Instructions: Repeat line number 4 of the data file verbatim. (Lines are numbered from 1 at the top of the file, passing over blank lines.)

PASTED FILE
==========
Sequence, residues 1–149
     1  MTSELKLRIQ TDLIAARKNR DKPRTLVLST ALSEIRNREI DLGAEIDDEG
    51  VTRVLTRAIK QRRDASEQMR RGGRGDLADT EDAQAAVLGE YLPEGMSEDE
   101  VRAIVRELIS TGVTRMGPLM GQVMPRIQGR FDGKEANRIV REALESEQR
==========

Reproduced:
   101  VRAIVRELIS TGVTRMGPLM GQVMPRIQGR FDGKEANRIV REALESEQR